However, although the exception technically applies to all pipeline oil, officials said that Germany and Poland had voluntarily agreed to stop all purchases of Russian oil by the end of the year — effectively cutting off supplies from the Druzhba pipeline’s northern section.
Michel said that the net result would be a relatively quick ban of about 70 percent of Russian oil exports to the EU, with about 90 percent cut off by the end of the year. And even as he hailed the agreement as a triumph, he also acknowledged the stiff challenges that EU countries had faced in clinching the deal.
“We don’t underestimate all the difficulties,” Michel said at the news conference. “We know that we needed a few weeks before we were able to take such a decision. But I think it’s a very strong signal that we sent today because the recent hours, the recent days, there were speculations about the risk for a lack of unity, of European Union unity.”
Michel continued, “I think that more than ever, it’s important to show that we are able to be strong, that we are able to be firm, that we are able to be tough in order to be able to defend our values, to defend our interests.”
Officials said they would work to improve infrastructure that would allow Hungary to receive more oil through an alternative pipeline from Croatia, at which point Budapest’s exception could be phased out.
When challenged about the fairness of one EU country effectively not participating in the ban, officials insisted that Hungary faced special “security of supply” issues because it has no seaports — therefore making it unable to take delivery of oil by tanker — and because the southern Druzhba pipe runs through Ukraine, making it vulnerable to sabotage or damage from the war.
To take account of this factor, EU leaders agreed in their written conclusions that “in case of sudden interruptions of supply, emergency measures will be introduced to ensure security of supply.” That means that Hungary could purchase additional oil should its normal pipeline supplies be cut off.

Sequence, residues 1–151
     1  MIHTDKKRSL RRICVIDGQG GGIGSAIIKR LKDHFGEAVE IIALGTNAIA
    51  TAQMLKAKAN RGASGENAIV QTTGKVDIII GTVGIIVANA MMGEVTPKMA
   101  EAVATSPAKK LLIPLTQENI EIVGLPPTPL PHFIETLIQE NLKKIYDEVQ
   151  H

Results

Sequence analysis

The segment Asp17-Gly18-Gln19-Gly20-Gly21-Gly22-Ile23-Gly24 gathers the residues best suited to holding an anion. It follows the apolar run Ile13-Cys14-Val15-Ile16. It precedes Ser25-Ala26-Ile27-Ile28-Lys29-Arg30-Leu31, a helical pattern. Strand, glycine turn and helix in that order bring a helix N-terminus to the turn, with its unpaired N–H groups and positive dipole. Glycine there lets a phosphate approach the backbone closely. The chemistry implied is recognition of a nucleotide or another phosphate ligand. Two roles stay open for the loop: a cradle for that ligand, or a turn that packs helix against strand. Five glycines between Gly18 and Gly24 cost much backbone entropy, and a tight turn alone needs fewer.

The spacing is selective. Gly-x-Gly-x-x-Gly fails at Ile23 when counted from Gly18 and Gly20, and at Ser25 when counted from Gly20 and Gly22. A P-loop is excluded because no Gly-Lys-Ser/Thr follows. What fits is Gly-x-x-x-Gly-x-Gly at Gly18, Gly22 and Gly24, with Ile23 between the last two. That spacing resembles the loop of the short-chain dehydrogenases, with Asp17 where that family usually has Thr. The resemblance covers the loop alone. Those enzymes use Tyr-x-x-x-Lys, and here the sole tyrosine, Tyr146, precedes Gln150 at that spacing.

Even without Hungary’s pressure, the embargo was designed to give countries long reliant on Russian oil supplies time to adjust. Crude oil products are to be phased out within six months and refined products by the end of the year.
Hungary was not the only country to voice objections, though it was the most forceful in its demands. Slovakia and Bulgaria also requested concessions. The Czech Republic was granted an 18-month exception from a ban on the resale of oil products.
The tortured process of reaching a political agreement on the embargo highlighted the increasing difficulty the EU is facing in punishing Russia over the war. Von der Leyen first announced plans for the oil ban in a speech to the European Parliament on May 4 and predicted adoption of it within days. Instead, it took nearly a month.
Officials and diplomats said that ending EU purchases of Russian natural gas is going to be even more complicated. But Michel said that EU heads of state and government were committed to fulfilling their pledge, adopted at a summit in Versailles in March, to end their decades of reliance on Russian energy.
Rutte said that leaders would approach the next round of sanctions differently so as not to end up stuck. “Myself and others pleaded tonight that when we work on the seventh package,” Rutte said. “We should have an upfront debate about all the technicalities before we start to discuss what actual sanctions would look like.”
Lili Bayer, Andrew Gray, Giorgio Leali and Zosia Wanat contributed reporting.